The prospect of an imploding hotel tower on the Las Vegas Strip conjures images of Hollywood blockbusters _ lots of dynamite, a dramatic fall and billowing clouds of dust.
But the owners of the never-opened Harmon near the Strip's midpoint are convinced that bringing down the 26-story structure can be done safely, with minimal disruption to neighboring buildings and nearby traffic.
Seems tough to fathom given where the stylish oval cylinder sits, but demolition experts say it shouldn't be too tough thanks to the building's size and the pedigree of those running the job.
"They have to be careful, they have to clean all around it, and they have to make sure there's an area where the building comes down if it spreads out," said Herb Duane, a demolition consultant based in New Hampshire who has worked in the industry more than 30 years.
"Twenty-six stories is very doable," Duane told The Associated Press.
MGM Resorts International, the casino company that owns the Harmon as part of its $8.5 billion CityCenter joint venture, said as it proposed demolition to the county that implosion is the best option for a building that they say wouldn't be able to support its own weight in a strong earthquake. County building officials had asked the company to propose a plan to fix the building they call a public health hazard.
The Harmon was originally envisioned as a boutique hotel and condominium tower to open in December 2009 with the rest of the 67-acre complex of hotels, entertainment and a casino. But problems with reinforcing steel in the construction led MGM Resorts to shorten the tower in half and put off its opening at least a year. It never opened.
Now, plans call for an implosion in six months, followed by four months of cleanup.
Company spokesman Alan Feldman declined comment Tuesday, saying the company was waiting for all necessary approvals from the county and court officials handling a separate legal case involving MGM Resorts and Tutor Perini Corp., the main contractor for CityCenter. A county spokesman declined comment.
Perini contends the building is structurally sound, and that MGM Resorts is pushing for demolition to bolster its legal case because it's more economically wise than having to fill more rooms on the Strip. No matter what happens to the Harmon, MGM Resorts and Perini are likely to still have a dispute over unpaid construction bills.
Representatives for LVI Services, Inc., the demolition company that would run the job, and Controlled Demolition, Inc., the subcontractor in charge of the implosion itself, declined comment, referring questions to MGM Resorts.
Thousands of pedestrians walking along the Strip pass beneath the Harmon daily. Its evening shadow drapes across a six-lane side street that serves as the main taxi and parking entrance to the Cosmopolitan of Las Vegas, its swanky next-door neighbor that opened nine months ago. From the Cosmopolitan's pool deck, the Harmon's north side is a short tee shot away.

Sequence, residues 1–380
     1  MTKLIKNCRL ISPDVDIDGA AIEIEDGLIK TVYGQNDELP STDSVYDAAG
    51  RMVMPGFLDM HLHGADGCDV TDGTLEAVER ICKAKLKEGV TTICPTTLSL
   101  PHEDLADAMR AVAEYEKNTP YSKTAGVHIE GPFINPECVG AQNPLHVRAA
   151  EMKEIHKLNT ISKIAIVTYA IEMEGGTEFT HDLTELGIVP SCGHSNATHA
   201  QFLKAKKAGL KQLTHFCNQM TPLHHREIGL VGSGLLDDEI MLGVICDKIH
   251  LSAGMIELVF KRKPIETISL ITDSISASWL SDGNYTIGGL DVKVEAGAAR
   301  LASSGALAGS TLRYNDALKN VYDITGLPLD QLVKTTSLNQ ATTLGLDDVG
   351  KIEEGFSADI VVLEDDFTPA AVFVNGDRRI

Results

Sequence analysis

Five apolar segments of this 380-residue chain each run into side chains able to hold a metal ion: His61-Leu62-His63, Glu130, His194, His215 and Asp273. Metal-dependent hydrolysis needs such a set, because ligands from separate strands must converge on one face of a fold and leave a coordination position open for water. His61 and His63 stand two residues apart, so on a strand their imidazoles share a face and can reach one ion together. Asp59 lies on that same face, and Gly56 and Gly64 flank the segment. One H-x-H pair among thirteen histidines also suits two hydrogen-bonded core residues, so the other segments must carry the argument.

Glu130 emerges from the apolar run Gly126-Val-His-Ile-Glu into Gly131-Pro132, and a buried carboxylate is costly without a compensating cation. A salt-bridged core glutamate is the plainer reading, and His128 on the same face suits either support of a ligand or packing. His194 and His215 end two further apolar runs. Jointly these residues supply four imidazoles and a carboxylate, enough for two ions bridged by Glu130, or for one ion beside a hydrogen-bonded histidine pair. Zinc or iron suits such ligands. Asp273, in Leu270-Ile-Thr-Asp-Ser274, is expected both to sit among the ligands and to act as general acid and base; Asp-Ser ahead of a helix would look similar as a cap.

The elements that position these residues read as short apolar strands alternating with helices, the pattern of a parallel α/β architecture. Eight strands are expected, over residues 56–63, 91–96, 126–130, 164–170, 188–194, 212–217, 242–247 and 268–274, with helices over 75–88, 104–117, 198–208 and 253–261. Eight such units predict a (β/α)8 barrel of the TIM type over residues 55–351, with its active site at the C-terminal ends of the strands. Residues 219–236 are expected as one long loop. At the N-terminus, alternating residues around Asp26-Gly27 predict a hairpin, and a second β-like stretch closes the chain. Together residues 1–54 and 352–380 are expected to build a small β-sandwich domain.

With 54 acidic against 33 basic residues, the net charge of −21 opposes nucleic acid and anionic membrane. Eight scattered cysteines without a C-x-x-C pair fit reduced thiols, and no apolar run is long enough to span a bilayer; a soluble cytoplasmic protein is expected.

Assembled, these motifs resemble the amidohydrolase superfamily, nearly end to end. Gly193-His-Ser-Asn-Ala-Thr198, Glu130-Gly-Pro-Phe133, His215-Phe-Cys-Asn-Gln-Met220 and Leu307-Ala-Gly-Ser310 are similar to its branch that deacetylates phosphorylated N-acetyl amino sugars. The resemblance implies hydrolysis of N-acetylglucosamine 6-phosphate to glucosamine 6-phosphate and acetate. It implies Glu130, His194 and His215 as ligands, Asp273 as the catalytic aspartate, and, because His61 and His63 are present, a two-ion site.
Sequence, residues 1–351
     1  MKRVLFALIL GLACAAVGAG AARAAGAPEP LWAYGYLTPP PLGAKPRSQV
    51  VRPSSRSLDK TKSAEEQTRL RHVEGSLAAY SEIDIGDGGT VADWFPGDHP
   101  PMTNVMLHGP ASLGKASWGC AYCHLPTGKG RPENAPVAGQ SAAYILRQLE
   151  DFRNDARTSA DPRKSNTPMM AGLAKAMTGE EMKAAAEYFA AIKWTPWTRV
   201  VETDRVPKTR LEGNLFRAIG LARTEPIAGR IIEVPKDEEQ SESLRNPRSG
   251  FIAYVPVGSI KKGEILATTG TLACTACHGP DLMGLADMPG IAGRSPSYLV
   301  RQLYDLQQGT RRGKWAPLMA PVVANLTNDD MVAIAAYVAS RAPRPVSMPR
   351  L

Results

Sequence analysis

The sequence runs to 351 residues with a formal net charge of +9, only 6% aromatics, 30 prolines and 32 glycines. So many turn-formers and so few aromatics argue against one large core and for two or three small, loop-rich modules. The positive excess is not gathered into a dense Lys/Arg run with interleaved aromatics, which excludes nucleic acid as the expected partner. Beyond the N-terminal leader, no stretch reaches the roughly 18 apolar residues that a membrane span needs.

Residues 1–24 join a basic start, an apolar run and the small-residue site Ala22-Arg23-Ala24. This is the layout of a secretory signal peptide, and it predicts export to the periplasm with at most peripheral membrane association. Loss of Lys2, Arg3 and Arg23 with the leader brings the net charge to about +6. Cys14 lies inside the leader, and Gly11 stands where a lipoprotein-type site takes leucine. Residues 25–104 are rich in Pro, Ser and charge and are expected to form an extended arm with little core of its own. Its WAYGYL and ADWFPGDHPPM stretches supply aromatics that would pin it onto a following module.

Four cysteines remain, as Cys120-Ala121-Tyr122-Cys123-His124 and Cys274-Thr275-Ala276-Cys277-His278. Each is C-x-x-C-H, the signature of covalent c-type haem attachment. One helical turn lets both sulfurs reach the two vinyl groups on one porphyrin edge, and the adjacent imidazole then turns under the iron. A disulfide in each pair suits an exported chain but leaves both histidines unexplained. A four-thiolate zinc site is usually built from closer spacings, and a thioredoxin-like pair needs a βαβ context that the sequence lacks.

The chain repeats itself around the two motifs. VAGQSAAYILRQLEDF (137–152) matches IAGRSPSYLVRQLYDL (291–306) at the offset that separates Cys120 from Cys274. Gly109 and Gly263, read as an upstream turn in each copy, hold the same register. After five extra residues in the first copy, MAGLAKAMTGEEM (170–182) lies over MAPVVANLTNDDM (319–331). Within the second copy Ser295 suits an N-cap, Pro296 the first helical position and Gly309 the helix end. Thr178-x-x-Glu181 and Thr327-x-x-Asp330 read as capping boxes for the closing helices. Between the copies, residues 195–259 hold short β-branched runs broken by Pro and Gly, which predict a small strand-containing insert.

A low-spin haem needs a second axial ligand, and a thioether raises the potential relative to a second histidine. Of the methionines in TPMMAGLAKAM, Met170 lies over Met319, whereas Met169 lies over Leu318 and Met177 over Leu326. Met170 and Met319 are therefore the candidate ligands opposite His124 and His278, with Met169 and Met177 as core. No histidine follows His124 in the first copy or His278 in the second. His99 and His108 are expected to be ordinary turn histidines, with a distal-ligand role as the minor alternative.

But gamblers inside the Cosmopolitan likely won't have to get up from their slot machines or blackjack tables while the building is imploded, said Eric Kelly, owner of Idaho-based Advanced Explosives Demolition Inc.
"It would be OK," said Kelly, who said he had two buildings evacuated that were 40 feet and 90 feet away from a 31-story hotel he imploded in West Palm Beach, Fla., last year.
Cosmopolitan officials declined comment.
Demolishers would likely minimize dust by gutting the building as much as possible of glass and other materials, and leave a pile of debris about 40 feet high _ roughly 1.5 feet for each floor, Duane said.
"The more they strip out of the building, the less dust they're going to have," Duane said. "They will clean it all out."
Duane and Kelly said the demolition would likely be performed when foot and vehicle traffic is typically light, and street sweepers will have the dust cleaned within an hour.
Kelly said that by increasing the number of floors rigged with explosives, demolishers can better control implosions.
"The more floors you shoot, the straighter down it will fall," he said.
LVI Services has demolished some of Sin City's most notable icons of the past, including the Sands Hotel, the Desert Inn, the Stardust and the Aladdin. While previous implosions in Las Vegas have prompted viewing parties, LVI said in its plan submitted to county building officials that safety is its first priority.
"The LVI team considers protection of the public and surrounding infrastructure paramount to the demolition and removal strategy," the company said.
Kelly said implosions are preferable to other methods of razing buildings because they are faster and less risky to workers.
But despite many implosions in Las Vegas and around the world _ with plenty immortalized on YouTube _ only a short list of people can actually pull the job off, he said.
"There's two, maybe three people in the world that can shoot a building like that," Kelly said.
Oskar Garcia can be reached at http://twitter.com/oskargarcia.